Updated: Feb 24, 2020
By: The Quinnipiac University Economics Research Team, Niamh Savage
Throughout this time period, there was a decline in the interest rates of all CEE currencies. The greatest variation, in percentage terms, was in Slovakia, and they had the largest decline in interest rates (pink line). Interest rates in Slovakia declined by over 10% at the beginning of the period, and then it showed a strengthening of about 15%. At the end of the period, the Slovakian interest rates had declined by about 18%. The Romanian Leu (yellow line) showed the least variation in percentage terms relative to other regional currencies; it did not end with a strengthening of their currency to the Euro, but it declined by the least.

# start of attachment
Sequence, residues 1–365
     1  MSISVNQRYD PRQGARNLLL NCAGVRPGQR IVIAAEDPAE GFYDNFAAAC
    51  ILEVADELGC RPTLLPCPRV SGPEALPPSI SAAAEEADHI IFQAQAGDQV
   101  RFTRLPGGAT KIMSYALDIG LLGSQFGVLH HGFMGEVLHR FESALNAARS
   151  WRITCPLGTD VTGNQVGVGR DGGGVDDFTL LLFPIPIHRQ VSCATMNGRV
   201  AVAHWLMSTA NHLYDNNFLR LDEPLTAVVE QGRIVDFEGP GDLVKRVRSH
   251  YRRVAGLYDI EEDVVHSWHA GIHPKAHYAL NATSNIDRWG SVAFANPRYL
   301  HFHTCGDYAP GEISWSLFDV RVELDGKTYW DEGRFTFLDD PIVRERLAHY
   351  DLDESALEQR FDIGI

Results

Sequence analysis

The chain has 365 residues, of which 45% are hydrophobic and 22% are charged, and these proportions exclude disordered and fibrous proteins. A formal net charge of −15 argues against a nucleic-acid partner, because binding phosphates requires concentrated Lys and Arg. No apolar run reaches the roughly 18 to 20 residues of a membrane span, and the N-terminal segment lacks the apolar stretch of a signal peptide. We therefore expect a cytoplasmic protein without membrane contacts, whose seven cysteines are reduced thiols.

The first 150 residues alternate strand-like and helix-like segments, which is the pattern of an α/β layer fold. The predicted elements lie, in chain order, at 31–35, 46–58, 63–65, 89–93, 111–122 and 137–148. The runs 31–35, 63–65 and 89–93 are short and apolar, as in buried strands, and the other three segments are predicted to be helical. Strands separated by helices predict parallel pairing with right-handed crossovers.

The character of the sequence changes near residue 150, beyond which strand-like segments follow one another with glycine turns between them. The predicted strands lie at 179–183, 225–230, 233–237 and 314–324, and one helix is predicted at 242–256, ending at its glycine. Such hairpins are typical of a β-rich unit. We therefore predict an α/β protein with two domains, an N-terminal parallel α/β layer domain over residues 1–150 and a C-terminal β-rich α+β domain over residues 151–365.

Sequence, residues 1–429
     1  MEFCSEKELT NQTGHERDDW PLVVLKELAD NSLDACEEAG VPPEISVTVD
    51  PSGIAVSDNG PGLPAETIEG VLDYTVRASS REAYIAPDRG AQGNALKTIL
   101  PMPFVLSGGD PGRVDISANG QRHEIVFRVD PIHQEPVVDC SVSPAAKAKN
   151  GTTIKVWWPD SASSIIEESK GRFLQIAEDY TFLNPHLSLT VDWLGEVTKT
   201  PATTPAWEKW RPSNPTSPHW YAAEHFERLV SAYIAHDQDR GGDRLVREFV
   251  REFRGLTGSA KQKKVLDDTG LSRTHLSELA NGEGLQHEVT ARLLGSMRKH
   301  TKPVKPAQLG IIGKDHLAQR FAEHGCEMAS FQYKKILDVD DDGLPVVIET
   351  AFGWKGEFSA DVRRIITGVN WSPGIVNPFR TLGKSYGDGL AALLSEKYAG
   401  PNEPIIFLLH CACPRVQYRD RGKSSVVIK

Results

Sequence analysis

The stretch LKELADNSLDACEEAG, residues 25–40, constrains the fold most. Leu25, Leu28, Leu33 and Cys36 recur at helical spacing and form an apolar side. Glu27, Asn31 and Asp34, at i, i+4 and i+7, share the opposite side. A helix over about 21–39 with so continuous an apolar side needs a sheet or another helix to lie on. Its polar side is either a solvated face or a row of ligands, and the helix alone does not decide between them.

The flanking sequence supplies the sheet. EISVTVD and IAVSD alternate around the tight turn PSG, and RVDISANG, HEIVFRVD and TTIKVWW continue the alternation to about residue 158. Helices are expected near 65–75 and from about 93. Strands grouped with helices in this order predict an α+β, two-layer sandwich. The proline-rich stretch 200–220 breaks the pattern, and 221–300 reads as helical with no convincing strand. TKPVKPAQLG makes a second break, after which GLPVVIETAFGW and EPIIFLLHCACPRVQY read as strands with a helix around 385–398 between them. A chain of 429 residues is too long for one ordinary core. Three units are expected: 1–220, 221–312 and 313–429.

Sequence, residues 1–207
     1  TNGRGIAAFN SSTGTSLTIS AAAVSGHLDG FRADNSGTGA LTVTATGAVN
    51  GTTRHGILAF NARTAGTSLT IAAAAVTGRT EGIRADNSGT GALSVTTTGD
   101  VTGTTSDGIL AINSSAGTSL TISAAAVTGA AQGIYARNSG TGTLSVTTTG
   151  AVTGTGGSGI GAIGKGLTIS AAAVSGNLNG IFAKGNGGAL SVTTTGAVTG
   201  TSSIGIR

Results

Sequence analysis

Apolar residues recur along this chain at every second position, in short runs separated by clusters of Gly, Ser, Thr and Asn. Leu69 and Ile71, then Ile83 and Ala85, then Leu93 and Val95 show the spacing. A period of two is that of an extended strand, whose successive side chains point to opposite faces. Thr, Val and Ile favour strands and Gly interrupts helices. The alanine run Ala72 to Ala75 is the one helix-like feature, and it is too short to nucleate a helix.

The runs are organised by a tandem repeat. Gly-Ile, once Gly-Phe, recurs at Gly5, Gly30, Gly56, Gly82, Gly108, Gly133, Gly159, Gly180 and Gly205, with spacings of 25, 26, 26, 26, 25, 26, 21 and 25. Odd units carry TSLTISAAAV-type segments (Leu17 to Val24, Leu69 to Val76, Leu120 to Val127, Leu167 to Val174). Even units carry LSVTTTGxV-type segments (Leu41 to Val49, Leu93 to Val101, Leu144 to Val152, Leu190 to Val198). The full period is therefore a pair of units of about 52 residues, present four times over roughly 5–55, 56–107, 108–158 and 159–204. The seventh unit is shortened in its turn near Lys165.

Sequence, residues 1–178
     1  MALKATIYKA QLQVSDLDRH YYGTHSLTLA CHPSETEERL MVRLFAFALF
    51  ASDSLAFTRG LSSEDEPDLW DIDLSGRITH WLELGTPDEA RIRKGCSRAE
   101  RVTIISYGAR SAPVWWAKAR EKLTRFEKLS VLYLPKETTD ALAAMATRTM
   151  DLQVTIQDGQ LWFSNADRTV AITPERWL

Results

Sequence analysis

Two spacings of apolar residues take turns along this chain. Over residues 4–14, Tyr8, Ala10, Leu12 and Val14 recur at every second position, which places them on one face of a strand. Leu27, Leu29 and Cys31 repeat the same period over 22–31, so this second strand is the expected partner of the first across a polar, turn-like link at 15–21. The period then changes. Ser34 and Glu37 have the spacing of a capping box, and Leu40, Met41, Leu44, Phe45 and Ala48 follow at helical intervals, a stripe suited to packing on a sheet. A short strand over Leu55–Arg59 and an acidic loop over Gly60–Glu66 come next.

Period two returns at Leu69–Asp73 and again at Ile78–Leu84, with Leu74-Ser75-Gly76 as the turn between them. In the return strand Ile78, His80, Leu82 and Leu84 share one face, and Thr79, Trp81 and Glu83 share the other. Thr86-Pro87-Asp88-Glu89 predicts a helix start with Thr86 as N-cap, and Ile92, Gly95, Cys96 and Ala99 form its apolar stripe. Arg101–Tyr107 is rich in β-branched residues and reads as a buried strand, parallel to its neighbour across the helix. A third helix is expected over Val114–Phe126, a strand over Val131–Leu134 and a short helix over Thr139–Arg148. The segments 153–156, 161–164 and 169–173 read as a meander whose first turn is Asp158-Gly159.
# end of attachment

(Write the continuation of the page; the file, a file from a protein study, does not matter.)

Source: Eurostat and own calculations. Daily EMU convergence criterion bond yields (i.e., central government 10-year bond yields)
Source: Eurostat and own calculations. Daily EMU convergence criterion bond yields (i.e., central government 10-year bond yields). The center line is a rolling three-month average. The upper and lower boundaries are the average plus and average minus one standard deviation, respectively, for the same three-month period.
Throughout this time period, many of the returns showed a decline, suggesting an increase in demand for their bonds and increase in prices. Relative to their own historical trends, Romania, Slovakia, and Czech kept their interest rates within their historical boundary. The Hungarian interest rate fell below the lower boundary in the middle of the period, but it ended above their lower historical boundary. Poland began in their historical range, but their interest rate fell, and remained, below their lower historical boundary.